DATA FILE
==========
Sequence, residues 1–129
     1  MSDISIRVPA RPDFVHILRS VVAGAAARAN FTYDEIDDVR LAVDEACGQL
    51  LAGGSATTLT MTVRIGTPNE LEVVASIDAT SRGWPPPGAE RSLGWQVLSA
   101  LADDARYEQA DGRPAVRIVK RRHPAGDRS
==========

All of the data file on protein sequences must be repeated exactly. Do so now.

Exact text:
Sequence, residues 1–129
     1  MSDISIRVPA RPDFVHILRS VVAGAAARAN FTYDEIDDVR LAVDEACGQL
    51  LAGGSATTLT MTVRIGTPNE LEVVASIDAT SRGWPPPGAE RSLGWQVLSA
   101  LADDARYEQA DGRPAVRIVK RRHPAGDRS